Featured Research

from universities, journals, and other organizations

Timing Is Everything When Using Oxygen to Regenerate Bone

Date:
April 23, 2012
Source:
Federation of American Societies for Experimental Biology (FASEB)
Summary:
The application of high levels of oxygen to a severed bone facilitates bone regrowth, a new study demonstrates. The results that may one day hold promise for injured soldiers, diabetics and other accident victims.

A research team at Tulane University reported this week that the application of high levels of oxygen to a severed bone facilitates bone regrowth, study results that may one day hold promise for injured soldiers, diabetics and other accident victims.

The results of the Department of Defense-funded study was presented a on April 23, at the American Society for Biochemistry and Molecular Biology annual meeting, held in conjunction with the Experimental Biology conference in San Diego.

"One out of every 200 Americans is an amputee," emphasizes Mimi Sammarco, who led the study at Tulane. "This number is expected to double in the next 40 years and is of particular concern given that amputation injuries have increased considerably due to combat casualties and the increasing amputation issues associated with the rise in diabetes and other related diseases."

The only vertebrate capable of regenerating lost limbs is the salamander, which has been the focus of a number of studies by the laboratory where the work was done. Run by Ken Muneoka, a professor at Tulane's cell and molecular biology department, the lab has been exploring the molecular underpinnings of limb regeneration under various circumstances. The work spearheaded by Sammarco, meanwhile, uses a mouse model.

"While salamanders are able to regenerate entire limbs, rodents, monkeys and humans are only able to regenerate the digit tip after amputation," she explains. "The third phalangeal element, the very end bone on your finger, if you amputate one-third back or anywhere toward the tip, it will grow back. If you go just a fraction of a millimeter closer, it won't. If you amputate in the middle bone, it won't."

Multiple research teams have been trying to figure out what makes that huge difference between regrowth here but no regrowth there. The Tulane lab, in particular, has been investigating which genes are turned on, which proteins are expressed and which molecular activities change at the site of amputation over time.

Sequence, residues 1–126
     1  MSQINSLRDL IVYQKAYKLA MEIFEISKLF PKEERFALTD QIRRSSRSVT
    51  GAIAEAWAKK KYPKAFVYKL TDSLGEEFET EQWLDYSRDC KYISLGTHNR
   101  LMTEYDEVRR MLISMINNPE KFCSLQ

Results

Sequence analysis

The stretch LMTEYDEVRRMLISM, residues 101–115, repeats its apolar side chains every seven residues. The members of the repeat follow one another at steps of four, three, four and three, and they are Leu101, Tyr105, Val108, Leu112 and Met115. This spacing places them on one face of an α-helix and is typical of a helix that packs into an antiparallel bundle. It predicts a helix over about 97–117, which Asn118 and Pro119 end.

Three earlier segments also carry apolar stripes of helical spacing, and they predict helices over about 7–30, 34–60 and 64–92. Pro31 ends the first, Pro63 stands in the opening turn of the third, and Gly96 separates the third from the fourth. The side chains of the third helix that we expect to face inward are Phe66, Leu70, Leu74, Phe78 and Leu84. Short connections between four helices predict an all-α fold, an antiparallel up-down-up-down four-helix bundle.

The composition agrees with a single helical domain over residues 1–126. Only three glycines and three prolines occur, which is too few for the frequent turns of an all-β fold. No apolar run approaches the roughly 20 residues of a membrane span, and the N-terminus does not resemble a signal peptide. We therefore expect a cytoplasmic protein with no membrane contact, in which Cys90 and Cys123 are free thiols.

"What it boils down to is genes (that spur regeneration) don't just turn themselves on. They turn on because something signals them. So I thought, maybe it's oxygen that's turning them on," Sammarco says. "Oxygen is often the primary signal that turns on various genes."

Sammarco used a special incubator to expose a thin bone sample taken from an amputation site to high levels of oxygen. "What we found is that when you expose regenerating bone to 20 percent oxygen, it'll respond very favorably but only at a certain time. If you try it too early, like right after amputation, it doesn't do a whole lot."

The air we breathe is made of about 20 percent oxygen, but that's a lot higher than the level in the body, which is closer to around 6 percent, she explains. "In some areas of injury, the oxygen level is going to go down to 1 percent," because the blood vessels that deliver oxygen to tissue naturally retract after injury. "And maybe we're only talking millimeters or fractions of millimeters. They're naturally contractile."

What to do about the drop in oxygen levels is something of a puzzle for those in the wound-healing field, Sammarco says. Many researchers are trying to figure out how to reinvigorate vasculature and how to oxygenate the wound site.

"There are two opposing fields: We get injured, so we need to drop the oxygen concentration to encourage vasculature. And then there's the other side that says, no, we need to flood it with oxygen to oxygenate the tissue. And neither works particularly well," she admits.

The way Sammarco sees it, maybe it's not an either-or situation: "I think you have to know when to apply each one. It's all about timing. Obviously, there's a sequence in growing things back. And oxygen can push the button that has to be applied at a certain time."

Ultimately, battlefield doctors must be able to assess in what stage a patient is in the spectrum of injury and repair.